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India on a plate

India on a plate
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First Published: Sat, Sep 10 2011. 01 30 AM IST

Updated: Sat, Sep 10 2011. 01 30 AM IST
It all started with an innocuous remark by a Bengali colleague. It seems fried okra, a must on any Punjabi party table, is frowned upon by Bengalis. The poor dharosh (okra) is so looked down upon among Bengalis that the term is synonymous with incompetency. The Kayastha community, in Uttar Pradesh and Bihar, considers paneer (cottage cheese) in any form a down-market dish at a banquet table. Kashmiris do think beyond phirni and, in fact, are likely to serve only shufta at weddings and during festivities. Biharis are not just sattu-crazy and forever baking little littis for their teatime snack. In fact, they love keema (minced meat) and stuff it in mashed potato balls to make a cutlet that is dipped not in eggs and breadcrumbs, but in refined flour batter and suji (semolina). The Coorgis have found a way to eat their rice in a roti form. Try the akki otti(rice chapatis made from a dough of cooked rice and rice flour) if you are bored of the wheat chapati.
A festive dessert: The shufta from Kashmir.
As we exchanged notes on what to serve the next time someone from a particular community or state visited, we realized that Indian food changes not just colour, ingredients and flavours from one state to another, but that even within states, every community has its own list of dos and don’ts. While some state cuisines have become a part and parcel of our lives, there is so much that remains unexplored as far as the Indian platter is concerned.
So we decided to go in search of snacks and sweets that would take us beyond payasam, rasmalai, samosa and dal bati churma, and also plan menus that would appeal to a Sindhi, Bohri, Anglo-Indian or Khasi. The curry and chutney culture had to be decoded, and we found out why the curry usually gets thinner, darker and tangier as we head south. The cuisine of the Seven Sisters, or the North-Eastern states, is unexplored territory and we tried to understand some aspects of these no-spices, all-flavour foods. And we also learnt how urban India eats.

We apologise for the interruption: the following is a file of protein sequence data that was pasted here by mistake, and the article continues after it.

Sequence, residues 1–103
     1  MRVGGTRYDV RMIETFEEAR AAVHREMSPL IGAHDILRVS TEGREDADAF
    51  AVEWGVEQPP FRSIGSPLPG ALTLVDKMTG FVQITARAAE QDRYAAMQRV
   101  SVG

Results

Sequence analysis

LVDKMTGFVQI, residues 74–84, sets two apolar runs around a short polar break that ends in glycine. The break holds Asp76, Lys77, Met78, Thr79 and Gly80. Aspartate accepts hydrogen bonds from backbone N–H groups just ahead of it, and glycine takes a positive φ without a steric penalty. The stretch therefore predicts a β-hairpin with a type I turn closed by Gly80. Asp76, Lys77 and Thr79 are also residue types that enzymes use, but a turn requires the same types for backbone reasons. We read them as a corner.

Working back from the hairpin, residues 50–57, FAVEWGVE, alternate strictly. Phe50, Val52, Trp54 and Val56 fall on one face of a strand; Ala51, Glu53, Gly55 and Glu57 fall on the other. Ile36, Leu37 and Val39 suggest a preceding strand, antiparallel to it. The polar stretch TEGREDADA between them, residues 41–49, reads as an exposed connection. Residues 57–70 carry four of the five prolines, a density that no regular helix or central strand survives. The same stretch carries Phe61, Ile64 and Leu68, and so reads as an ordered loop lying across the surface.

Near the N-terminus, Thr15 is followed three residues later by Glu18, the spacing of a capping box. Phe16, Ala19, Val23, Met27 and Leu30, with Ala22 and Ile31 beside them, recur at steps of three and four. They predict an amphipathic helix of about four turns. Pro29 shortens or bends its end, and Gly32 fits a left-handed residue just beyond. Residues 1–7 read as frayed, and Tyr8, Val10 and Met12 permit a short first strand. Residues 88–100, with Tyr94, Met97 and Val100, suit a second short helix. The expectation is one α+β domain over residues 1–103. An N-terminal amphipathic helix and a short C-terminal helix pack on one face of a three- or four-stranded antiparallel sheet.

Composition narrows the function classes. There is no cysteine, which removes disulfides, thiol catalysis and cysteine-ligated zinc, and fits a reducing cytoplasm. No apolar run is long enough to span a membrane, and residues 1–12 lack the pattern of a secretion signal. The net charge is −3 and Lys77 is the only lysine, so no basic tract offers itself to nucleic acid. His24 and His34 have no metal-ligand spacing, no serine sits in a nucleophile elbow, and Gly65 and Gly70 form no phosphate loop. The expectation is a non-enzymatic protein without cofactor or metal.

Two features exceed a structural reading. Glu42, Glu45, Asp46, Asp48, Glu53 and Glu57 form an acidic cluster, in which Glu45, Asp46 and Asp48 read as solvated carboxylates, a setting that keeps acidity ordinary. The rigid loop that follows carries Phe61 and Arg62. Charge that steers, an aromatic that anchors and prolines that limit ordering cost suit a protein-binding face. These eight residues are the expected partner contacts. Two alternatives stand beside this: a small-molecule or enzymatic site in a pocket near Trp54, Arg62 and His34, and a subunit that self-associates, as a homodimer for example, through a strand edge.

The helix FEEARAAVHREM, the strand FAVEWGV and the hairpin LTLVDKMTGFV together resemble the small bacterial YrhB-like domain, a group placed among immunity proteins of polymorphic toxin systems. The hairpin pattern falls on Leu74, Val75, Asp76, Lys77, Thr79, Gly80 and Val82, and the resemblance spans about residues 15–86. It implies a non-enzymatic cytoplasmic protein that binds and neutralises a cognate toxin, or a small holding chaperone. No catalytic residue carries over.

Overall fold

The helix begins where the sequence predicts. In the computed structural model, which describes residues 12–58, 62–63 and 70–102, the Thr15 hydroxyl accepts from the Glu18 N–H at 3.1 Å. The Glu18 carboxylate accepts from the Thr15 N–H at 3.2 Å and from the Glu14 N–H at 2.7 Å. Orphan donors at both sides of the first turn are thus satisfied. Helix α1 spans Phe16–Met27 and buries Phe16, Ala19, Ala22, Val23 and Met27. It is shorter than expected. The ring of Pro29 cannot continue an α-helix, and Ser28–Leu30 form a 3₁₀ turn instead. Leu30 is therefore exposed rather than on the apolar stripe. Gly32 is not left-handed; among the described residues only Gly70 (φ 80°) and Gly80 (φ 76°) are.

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Next time, we intend to find out more about the egg halwa some Biharis patronize, or the bhutte ki kiss (a corn dish) that is a staple snack in Indore, Madhya Pradesh. Meanwhile, enjoy the discoveries we made on this culinary journey. PS: Don’t miss out the 12 videos (www.livemint.com/communityfood.htm and www.livemint.com/foodmap.htm) that will help you cook these delicacies.
Also Read | What we eat
We profiled the dietary habits of four urban households, largely representative of their economic class, to see if there were any telling differencesArati Rao
We identified a few communities—Sindhi, Bunt, Bene Israeli, Anglo-Indian, Bohri, Khasi, Coorgi, Kayastha—and asked authors, chefs, consultants and food aficionados to tell us what makes these cuisines unique, how they came about, and what the must-use ingredients are
Just go through our collection of snacks and sweets from various states and dazzle your guests with your new-found culinary expertise
Chefs and food consultants tell us how to serve Indian food right
It might be uniform in its international avatar, but in India it’s a different colour wherever you go
Two recent books hark back to the authors’ family kitchens, attempting to keep alive two little documented cuisines
Guided by a single spice note, food from the North-East is healthy and easy to prepare
Lamps, tables, bead partitions— unique decor ideas spotted at restaurants that you can adapt for your home
Sindhi food is distinct in flavour and ingredients from its more well-known north Indian counterparts
Seema Chowdhry, Issue editor
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First Published: Sat, Sep 10 2011. 01 30 AM IST
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